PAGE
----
On May 23, 2005, defendants removed the action to the United States District Court for the Eastern District of New York. The action was removed on the ground that because BLET is a labor representative under the Railway Labor Act, 45 U.S.C. § 151 Sixth, the claims arise under federal law, thus granting original jurisdiction to the federal courts pursuant to 28 U.S.C. § 1331. Not. of Removal, ¶¶ 5-6.
Atanasio filed a motion to remand on June 22, 2005, asserting that the removal was improper because the notice of removal failed to establish an adequate basis of federal question jurisdiction under 28 U.S.C. § 1331. Although filing of the motion to remand was timely, the electronic filing only included the first page of the motion. The motion was fully submitted after a fourth attempt on July 13, 2005, but the motion remains unsigned. Mot. in Opp. to Removal, ¶¶ 6-7.
The complaint does not specify whether a remedy is being sought under state or federal law. Because the Railway Labor Act ("RLA"), 45 U.S.C. § 151 et seq., is not a statute that enjoys the force of complete pre-emption, and ordinary pre-emption cannot serve as a basis of federal question jurisdiction, the action must be remanded to state court.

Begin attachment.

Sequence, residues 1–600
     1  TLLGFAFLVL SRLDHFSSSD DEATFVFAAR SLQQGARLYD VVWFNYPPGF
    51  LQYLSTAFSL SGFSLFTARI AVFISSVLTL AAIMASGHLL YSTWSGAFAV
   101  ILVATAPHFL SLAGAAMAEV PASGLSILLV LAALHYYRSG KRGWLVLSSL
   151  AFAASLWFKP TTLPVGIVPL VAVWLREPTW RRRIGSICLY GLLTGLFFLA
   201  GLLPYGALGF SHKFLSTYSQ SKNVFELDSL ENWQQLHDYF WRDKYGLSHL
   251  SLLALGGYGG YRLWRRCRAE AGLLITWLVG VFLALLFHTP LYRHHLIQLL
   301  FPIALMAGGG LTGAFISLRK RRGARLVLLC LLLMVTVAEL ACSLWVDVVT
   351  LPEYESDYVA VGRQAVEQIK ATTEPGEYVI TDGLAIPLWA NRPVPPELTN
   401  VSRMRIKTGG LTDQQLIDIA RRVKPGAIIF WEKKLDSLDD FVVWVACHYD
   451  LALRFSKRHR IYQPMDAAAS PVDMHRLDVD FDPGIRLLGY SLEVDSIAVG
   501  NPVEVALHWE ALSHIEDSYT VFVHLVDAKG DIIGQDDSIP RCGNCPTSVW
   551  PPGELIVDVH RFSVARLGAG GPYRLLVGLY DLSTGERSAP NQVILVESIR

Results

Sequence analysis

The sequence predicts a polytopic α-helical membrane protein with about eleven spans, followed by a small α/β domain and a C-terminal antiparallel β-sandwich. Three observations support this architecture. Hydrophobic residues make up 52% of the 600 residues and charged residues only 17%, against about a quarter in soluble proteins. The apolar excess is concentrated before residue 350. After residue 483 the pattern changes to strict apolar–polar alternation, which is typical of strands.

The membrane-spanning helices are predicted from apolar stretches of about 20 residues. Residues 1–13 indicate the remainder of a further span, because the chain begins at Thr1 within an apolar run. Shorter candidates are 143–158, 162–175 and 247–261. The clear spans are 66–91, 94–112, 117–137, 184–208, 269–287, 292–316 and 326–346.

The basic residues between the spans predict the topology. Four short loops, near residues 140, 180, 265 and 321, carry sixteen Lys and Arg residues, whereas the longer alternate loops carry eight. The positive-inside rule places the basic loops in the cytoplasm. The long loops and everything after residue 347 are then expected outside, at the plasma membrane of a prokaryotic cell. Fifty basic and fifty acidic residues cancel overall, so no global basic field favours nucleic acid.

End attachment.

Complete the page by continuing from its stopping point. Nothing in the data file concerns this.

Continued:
(1) The Standards for Removal and Remand Under the Railway Labor Act
The standard governing removal of cases from state to federal court is well-settled. A state court action can be removed by a defendant to federal court if the case could have originally been brought in federal court. 28 U.S.C. § 1441(a); Hernandez v. Conriv Realty Assoc., 116 F.3d 35, 38 (2d Cir. 1997). In the absence of diversity jurisdiction, which neither party asserts here, federal question jurisdiction is required for removal.